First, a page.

At the very heart of the conflict in Syria is the Sunni vs. Shia. This is the same kind of conflict that we saw when Iran and Iraq went to war with each other. It is also the same conflict that has caused destabilization in Iraq. We need to keep in mind that in Iraq the Sunni tribes are the minority and that they had held power over the majority Shia through Saddam Hussein after he had seized control of the Parliament in the 1960s.
Even though there is a religious element in this conflict, I think that it is simplistic to only consider the religious aspects of such conflicts. I think that it is essential to discover the ideology of the various players, and how that ideology leads back to the Soviet Union. Also, I think that it is necessary to learn more about the period of the 1950s when the Middle East was undergoing turmoil which had been the seed for the so-called Arab Spring. In reality the Arab Spring probably happened in the 1950s, and what we have been witnessing has been more like an Arab winter. The key to the conflicts within the Middle East seems to be the fascination with the socialist ideology.
One cannot possibly understand the politics in the Middle East without at least understanding the role of socialism in these countries, as well as the desire of the population to overthrow that same kind of ideology.
The overthrow of Moammar Gadhafi in Libya has been the tentative first step of a Middle-Eastern country to try and shrug off the imposed socialism of a dictator. Few people outside of Libya seem to understand that one reason that there was resentment towards Saddam Hussein was due to his attempt to create a Socialist Republic. Libyans are a deeply religious people and they did not like the socialism, yet that is just one reason why Libyans managed to join together to overthrow a most hated dictator. Libya is only now beginning to form a new government. It will take time for this new government to form. There is no guarantee what it will be like, but the people who were in charge of the NTC during the conflict were individuals who were pro-West and who understand democracy. At some point I will visit this subject in greater detail. For the moment it is only necessary to mention Libya in the context of Moammar Gadhafi’s Socialism and the impact that had on why Libyans were willing to take up arms against their government. Always keep in mind that Gadhafi seized power in a bloodless coup.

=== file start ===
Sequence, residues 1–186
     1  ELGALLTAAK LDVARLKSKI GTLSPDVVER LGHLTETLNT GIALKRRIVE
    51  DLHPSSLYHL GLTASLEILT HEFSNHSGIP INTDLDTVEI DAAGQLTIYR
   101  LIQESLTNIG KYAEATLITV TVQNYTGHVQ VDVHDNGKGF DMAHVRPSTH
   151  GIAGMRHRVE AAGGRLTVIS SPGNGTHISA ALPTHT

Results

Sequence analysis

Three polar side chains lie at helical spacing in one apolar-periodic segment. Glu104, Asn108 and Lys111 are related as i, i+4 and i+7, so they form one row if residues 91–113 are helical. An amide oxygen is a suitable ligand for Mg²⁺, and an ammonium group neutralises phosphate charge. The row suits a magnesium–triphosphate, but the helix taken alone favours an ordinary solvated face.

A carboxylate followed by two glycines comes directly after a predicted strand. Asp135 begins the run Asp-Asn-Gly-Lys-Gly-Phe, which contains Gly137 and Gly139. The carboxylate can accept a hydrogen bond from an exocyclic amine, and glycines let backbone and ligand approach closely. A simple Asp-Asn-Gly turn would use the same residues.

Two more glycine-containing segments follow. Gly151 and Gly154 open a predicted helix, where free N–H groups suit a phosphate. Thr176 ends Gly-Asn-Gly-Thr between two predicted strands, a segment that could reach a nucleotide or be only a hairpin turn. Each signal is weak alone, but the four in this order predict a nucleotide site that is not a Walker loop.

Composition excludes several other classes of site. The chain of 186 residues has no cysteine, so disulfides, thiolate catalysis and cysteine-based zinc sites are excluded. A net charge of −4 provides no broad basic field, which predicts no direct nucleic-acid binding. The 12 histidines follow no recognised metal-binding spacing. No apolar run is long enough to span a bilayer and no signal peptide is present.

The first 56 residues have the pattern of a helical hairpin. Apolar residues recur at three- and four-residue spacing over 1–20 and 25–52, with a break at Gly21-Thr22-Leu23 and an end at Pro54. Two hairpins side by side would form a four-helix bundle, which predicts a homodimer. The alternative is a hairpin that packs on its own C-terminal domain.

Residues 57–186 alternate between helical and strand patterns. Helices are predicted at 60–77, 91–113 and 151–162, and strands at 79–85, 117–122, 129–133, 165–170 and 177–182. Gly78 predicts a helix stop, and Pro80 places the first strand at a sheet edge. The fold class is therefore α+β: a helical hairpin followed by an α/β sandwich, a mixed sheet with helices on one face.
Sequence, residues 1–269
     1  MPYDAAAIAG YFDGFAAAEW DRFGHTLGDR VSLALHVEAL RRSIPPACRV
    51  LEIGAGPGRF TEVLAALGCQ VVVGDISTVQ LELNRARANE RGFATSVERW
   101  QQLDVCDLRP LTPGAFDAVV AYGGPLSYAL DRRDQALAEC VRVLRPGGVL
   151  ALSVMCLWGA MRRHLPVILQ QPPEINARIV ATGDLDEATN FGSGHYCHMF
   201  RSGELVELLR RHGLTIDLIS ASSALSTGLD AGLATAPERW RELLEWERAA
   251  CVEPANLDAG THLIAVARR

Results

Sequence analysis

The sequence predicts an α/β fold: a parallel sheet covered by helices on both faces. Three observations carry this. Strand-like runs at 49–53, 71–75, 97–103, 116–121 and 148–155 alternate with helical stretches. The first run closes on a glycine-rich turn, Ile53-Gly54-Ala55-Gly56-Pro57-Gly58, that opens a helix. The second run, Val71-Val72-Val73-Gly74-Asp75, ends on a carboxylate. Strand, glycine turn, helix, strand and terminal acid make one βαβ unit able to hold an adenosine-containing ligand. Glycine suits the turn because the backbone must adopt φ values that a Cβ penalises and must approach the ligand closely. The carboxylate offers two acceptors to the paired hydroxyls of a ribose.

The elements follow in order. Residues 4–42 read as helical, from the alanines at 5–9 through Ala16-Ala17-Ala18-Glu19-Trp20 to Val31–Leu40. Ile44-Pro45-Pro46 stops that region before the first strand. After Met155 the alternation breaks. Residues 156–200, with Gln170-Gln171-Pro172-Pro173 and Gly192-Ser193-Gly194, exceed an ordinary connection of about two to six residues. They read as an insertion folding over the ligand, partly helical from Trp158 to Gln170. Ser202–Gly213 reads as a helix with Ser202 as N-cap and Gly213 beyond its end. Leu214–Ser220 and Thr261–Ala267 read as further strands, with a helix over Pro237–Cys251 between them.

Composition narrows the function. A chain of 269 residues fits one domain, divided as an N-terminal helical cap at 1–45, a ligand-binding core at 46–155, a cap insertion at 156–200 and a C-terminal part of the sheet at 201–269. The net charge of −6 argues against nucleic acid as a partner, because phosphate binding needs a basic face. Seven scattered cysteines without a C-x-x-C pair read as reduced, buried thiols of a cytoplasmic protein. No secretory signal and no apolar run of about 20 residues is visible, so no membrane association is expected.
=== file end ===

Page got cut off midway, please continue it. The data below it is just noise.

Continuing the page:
When considering that the Ba’ath Party has been quite strong in Syria, it should not be surprising that many Syrians crossed the border into Iraq and were taking up arms against the military occupiers. We have been expressing this in terms of “Al Qaeda” and it would appear that “Al Qaeda” has been active, especially amongst the Sunni Salafists. However, I now think that we have to look beyond “Al Qaeda” to learn more about those behind the various conflicts. In other words, these are people that border hop in the name of jihad. As Syrians they have returned to fight for freedom from Assad, but what happens once he is defeated?